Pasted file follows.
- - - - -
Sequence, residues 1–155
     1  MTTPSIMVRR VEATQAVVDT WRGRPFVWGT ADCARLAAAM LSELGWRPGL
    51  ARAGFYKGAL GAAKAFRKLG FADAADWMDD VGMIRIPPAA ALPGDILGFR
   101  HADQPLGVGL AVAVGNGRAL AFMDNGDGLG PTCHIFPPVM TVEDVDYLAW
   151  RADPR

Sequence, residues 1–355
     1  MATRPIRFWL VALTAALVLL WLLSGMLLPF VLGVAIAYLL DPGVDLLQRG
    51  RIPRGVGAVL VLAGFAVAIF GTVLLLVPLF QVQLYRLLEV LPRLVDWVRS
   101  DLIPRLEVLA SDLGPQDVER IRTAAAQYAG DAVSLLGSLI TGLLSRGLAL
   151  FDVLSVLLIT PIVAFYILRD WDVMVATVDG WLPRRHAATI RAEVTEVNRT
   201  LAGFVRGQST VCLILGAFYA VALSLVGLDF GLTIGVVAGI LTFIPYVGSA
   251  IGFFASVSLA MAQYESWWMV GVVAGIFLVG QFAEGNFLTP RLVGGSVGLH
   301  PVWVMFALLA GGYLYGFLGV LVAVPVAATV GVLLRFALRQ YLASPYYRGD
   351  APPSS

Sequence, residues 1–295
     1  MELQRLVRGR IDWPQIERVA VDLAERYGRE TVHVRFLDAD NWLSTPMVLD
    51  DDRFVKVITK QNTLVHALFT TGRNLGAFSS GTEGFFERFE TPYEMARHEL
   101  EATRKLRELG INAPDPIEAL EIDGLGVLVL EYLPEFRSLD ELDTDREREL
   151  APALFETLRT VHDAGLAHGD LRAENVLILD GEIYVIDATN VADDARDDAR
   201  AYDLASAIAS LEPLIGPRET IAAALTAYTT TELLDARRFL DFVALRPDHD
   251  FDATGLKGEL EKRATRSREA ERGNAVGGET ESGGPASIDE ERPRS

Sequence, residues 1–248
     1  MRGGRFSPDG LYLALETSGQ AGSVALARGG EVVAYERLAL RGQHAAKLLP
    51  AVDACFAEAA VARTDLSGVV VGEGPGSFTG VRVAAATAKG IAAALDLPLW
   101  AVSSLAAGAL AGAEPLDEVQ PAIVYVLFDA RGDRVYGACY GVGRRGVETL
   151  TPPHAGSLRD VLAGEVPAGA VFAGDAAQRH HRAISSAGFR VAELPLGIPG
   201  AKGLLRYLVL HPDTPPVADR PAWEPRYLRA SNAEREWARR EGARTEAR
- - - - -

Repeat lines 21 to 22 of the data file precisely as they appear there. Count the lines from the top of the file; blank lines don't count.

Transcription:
   251  FDATGLKGEL EKRATRSREA ERGNAVGGET ESGGPASIDE ERPRS

Sequence, residues 1–248